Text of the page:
Joaquin Andujar: Star baseball pitcher whose fiery temperament led to his ejection from the final game of the 1985 World Series

After striking out an opponent, he would sometimes mime shooting a gun

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The Independent Online

Joaquin Andujar was a star baseball pitcher for the St Louis Cardinals in the 1980s whose brilliance on the mound was matched by sometimes tempestuous behaviour, which famously saw him ejected from a World Series game.

His Major League career lasted from 1976 to 1988, his finest period being 1981-85, when he helped lead the Cardinals to the World Series, in 1982 and 1985. “Everybody knew he didn’t operate with a full deck most of the time,” said his Cardinals manager, Whitey Herzog, “but when you had Joaquin on your ballclub, you were sitting on a firecracker every day.”

Andujar liked to describe himself as “one tough Dominican” and was known for his fiery personality and his flamboyant, antagonistic style. After striking out an opposing hitter, he would sometimes mime shooting a gun at the dispatched batter.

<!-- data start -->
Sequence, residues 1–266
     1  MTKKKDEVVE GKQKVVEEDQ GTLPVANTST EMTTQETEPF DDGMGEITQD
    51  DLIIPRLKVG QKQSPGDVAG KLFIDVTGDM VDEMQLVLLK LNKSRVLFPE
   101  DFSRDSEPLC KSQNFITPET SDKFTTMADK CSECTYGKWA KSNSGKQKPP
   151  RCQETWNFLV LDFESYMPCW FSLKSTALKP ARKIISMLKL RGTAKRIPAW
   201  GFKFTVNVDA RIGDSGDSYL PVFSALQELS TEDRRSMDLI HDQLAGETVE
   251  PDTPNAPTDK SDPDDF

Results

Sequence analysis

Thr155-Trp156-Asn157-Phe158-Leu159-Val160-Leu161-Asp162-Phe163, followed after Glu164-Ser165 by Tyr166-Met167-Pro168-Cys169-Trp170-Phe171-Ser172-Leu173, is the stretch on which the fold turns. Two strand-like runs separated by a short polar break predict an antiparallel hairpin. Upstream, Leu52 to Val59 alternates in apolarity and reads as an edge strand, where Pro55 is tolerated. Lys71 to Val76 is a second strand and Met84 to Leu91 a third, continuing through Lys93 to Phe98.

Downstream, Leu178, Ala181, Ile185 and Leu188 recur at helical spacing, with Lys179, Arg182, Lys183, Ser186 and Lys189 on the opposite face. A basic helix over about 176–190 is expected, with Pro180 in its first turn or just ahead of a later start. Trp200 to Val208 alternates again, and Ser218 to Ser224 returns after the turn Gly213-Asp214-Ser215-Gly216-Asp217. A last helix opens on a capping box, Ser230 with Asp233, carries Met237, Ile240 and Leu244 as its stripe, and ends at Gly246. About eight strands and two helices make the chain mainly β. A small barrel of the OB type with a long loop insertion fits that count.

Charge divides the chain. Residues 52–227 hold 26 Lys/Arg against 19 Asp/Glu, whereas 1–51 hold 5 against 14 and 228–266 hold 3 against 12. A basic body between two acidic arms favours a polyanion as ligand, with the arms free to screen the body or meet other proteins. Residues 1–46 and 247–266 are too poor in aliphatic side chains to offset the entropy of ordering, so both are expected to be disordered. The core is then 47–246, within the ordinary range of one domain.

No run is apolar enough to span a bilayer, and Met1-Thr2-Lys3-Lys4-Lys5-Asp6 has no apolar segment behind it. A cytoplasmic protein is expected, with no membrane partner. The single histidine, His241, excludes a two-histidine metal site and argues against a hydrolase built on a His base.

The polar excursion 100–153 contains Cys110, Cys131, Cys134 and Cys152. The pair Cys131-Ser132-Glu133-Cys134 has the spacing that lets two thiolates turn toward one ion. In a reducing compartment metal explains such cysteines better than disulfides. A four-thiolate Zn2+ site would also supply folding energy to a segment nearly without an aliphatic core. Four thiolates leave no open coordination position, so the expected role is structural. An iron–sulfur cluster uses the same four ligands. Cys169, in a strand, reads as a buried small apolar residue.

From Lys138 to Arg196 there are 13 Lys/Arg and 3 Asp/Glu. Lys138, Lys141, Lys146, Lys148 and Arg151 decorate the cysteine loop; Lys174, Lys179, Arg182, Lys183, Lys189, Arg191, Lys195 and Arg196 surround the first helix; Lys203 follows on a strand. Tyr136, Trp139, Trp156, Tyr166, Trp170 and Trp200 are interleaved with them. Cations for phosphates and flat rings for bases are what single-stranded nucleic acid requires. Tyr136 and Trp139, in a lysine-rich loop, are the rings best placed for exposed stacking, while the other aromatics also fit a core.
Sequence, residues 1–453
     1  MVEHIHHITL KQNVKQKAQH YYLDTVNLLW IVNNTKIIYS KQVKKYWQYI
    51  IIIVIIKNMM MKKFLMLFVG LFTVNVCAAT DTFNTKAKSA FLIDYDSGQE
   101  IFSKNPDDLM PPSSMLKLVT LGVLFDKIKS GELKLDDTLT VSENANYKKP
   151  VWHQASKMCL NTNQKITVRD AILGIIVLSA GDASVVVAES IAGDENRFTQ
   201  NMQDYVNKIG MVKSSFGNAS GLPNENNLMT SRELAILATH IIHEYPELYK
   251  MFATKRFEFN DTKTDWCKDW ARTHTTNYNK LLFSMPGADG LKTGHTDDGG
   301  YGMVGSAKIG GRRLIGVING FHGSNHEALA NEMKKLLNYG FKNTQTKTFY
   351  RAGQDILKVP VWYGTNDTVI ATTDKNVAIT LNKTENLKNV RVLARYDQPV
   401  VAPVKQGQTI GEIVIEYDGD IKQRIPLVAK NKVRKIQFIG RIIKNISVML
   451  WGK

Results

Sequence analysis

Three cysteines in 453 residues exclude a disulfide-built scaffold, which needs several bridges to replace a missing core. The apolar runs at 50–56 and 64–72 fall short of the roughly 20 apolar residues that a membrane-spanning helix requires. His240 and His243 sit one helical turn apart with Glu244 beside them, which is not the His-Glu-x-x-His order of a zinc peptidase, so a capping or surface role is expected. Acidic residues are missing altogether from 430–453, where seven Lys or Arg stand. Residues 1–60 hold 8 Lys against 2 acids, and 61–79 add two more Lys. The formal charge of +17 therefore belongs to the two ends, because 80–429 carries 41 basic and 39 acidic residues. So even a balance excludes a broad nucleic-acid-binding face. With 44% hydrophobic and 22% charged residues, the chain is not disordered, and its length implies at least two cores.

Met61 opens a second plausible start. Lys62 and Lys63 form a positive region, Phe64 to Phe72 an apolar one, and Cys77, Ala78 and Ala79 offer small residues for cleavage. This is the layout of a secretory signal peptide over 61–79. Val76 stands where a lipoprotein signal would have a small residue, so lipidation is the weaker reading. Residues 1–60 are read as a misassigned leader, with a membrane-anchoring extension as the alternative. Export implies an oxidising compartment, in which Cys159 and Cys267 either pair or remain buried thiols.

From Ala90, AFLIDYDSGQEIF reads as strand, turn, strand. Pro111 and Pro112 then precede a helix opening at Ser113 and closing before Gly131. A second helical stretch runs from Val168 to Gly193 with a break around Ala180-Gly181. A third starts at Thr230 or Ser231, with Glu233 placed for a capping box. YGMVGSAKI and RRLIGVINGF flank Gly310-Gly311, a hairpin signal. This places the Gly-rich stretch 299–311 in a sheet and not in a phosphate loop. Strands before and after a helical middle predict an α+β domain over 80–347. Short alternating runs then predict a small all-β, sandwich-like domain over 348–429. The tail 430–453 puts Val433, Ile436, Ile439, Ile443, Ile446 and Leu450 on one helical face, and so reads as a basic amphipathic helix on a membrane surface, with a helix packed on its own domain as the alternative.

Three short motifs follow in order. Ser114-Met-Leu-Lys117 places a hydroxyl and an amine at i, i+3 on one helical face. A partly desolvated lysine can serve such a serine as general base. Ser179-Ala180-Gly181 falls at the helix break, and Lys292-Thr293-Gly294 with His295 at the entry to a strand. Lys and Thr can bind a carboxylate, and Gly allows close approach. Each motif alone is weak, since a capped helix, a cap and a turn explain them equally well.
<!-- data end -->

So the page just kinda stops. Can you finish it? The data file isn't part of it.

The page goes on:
He helped the Cardinals win one World Series, in 1982 against the Milwaukee Brewers. Then in the seventh and deciding game of the 1985 World Series, against Kansas City Royals, Andujar was pitching but disagreed with a call by the umpire, Don Denkinger. He charged Denkinger and had to be restrained by three team-mates. Ejected, he took a baseball bat and demolished a toilet in the visitor’s bathroom. He was heavily fined and suspended for the first 10 games of the 1986 season.

By then, he had been traded to the Oakland Athletics. He finished his career in 1988 with the Houston Astros, and died of complications from diabetes.

Joaquin Andujar, baseball player: born San Pedro de Macrois, Dominican Republic 21 December 1952; died San Pedro de Macrois 8 September 2015.

© The Washington Post

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